Luna offers students a glimpse of the future (Danville, Va., Register & Bee)
- Sixteen-year-old Carrie Crews feels confident that when her education is completed, she will be able to remain in Danville and find work.
A student at the Piedmont Governor’s School for Mathematics, Science and Technology and an 11th-grader at Langston Global Village, Crews was one of the 132 Governor’s School students from the Danville and Henry County sites and a dozen instructors and school administrators who attended Luna Innovation’s nanotechnology presentation at the Institute for Advanced Learning & Research on Wednesday.
“Yes, this would entice people to stay here and make a life in Danville,” Crews said. The Governor School sites usually meet twice a year, allowing the community to showcase what it can offer the students after they complete their education, according to Brian Pace, director of the Piedmont Governor’s School for Mathematics, Science and Technology.
“This was a practical application for something going on at your own front door,” Pace said. “We want to encourage the students to do great things right here in this community.” Since Luna Innovations has decided to locate its nanomanufacturing facility in Danville, the area’s students will face new technological education and employment opportunities. Luna Innovations is investing over $6.4 million to renovate an area of the Danville Tobacco Warehouse District to produce carbonaceous nanomaterials for research to use in health care for cancer tumor therapy and in telecommunications by having faster computers. Luna also researches the use of nanomaterials in biotechnology and military defense.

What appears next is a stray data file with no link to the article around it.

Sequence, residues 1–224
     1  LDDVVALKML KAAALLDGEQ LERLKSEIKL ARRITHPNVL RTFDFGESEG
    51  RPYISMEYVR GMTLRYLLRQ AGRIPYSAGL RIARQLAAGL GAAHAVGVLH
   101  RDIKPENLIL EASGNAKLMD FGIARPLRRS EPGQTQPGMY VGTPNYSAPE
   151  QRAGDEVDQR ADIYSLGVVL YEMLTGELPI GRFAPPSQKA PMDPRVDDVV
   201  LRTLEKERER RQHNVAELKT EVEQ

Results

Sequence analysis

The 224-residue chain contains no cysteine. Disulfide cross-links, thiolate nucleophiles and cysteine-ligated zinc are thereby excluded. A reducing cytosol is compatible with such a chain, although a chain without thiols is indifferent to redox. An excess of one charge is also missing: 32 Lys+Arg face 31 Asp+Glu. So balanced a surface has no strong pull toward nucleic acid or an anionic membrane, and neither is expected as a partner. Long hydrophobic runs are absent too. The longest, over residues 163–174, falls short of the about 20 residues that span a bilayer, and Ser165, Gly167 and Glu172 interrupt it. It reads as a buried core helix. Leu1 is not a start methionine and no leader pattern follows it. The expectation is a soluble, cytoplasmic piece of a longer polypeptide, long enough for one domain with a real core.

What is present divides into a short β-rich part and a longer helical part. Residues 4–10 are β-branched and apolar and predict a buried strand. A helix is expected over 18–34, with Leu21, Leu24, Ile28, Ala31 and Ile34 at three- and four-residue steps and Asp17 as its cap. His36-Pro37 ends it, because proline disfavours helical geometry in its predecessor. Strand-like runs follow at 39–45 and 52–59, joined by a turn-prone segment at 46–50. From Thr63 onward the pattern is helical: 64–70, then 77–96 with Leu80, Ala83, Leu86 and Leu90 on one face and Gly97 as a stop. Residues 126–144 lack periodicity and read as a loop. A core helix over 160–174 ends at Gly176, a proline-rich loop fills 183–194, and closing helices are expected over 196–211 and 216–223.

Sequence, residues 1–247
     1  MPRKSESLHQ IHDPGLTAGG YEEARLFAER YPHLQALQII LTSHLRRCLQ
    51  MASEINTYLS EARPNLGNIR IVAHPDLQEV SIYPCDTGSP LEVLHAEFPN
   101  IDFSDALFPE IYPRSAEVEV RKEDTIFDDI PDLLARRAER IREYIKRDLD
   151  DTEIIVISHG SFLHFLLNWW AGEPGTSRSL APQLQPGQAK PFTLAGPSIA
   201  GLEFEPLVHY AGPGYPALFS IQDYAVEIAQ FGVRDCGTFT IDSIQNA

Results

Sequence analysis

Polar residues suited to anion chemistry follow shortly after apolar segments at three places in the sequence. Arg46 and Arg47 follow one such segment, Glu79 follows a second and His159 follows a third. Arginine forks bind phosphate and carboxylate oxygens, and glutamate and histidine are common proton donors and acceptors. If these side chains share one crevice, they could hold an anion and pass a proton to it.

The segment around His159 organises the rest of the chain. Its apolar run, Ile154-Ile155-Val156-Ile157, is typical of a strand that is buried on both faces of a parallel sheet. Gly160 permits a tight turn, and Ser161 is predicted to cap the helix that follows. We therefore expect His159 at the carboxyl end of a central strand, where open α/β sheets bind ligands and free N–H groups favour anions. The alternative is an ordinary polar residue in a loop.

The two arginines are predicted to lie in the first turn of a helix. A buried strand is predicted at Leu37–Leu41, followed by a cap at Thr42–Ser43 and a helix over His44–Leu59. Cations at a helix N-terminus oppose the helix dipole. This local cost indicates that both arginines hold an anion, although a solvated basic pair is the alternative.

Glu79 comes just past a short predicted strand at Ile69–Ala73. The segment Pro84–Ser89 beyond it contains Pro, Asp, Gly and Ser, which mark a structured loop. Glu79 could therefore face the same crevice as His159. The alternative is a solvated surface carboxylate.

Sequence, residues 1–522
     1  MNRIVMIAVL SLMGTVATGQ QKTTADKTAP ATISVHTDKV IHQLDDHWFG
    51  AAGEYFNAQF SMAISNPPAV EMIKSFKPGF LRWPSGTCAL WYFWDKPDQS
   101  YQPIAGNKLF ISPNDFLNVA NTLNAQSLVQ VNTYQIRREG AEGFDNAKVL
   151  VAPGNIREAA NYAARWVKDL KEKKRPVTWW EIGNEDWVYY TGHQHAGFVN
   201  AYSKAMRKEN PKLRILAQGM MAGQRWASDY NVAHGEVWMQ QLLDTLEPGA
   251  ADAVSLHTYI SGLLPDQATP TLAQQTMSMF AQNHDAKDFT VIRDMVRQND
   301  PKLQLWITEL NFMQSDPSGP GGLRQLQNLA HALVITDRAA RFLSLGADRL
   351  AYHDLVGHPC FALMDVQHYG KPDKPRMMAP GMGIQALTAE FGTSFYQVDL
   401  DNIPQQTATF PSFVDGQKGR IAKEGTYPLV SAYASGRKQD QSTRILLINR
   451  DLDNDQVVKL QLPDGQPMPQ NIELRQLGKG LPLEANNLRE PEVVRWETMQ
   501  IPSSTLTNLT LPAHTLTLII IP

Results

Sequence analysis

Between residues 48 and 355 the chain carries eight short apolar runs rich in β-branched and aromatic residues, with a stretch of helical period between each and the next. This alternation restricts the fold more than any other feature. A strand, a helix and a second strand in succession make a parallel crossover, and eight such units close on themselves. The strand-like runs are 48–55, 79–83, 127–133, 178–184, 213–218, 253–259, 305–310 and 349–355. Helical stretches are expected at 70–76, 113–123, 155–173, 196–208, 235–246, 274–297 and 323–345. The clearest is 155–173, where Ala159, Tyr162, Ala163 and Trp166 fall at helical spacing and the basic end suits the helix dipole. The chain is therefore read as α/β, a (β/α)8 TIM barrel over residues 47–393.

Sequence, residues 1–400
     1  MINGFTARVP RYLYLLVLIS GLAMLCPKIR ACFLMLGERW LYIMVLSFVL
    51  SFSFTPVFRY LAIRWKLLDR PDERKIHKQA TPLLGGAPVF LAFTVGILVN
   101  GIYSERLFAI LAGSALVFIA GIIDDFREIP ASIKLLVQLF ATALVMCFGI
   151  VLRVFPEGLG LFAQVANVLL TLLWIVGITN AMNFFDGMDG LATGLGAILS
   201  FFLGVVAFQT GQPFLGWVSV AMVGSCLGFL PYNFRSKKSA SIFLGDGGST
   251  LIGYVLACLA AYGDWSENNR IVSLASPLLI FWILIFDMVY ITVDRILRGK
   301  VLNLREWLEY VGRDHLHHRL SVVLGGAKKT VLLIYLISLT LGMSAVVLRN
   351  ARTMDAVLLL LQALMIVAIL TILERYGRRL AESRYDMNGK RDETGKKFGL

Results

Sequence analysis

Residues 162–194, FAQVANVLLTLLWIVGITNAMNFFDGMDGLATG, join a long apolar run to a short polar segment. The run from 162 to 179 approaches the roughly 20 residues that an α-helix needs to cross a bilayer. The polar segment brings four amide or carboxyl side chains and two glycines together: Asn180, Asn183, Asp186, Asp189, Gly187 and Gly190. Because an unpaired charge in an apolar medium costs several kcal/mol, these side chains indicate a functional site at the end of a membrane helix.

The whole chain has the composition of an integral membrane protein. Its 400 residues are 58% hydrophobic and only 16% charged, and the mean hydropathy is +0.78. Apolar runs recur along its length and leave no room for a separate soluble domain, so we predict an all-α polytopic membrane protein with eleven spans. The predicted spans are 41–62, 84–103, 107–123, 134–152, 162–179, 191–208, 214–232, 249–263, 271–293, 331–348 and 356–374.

“There is a huge initiative in biotechnical areas of cancer, therapeutics and imagery,” said Charles Gause, vice president of Luna Innovations’ Danville Division. “There is a lot of chemistry involved, but it is a different way of thinking.” Gause said Danville’s strong manufacturing capabilities and technological initiatives lured the company to the area. Luna hopes to begin operations by first quarter and Gause said he expects 54 jobs for local people within the year, then increasing to 150 jobs within the next two or three years. Job qualifications include a minimum of an associate’s degree in manufacturing or a bachelor’s degree in electrical engineering, he said. More here
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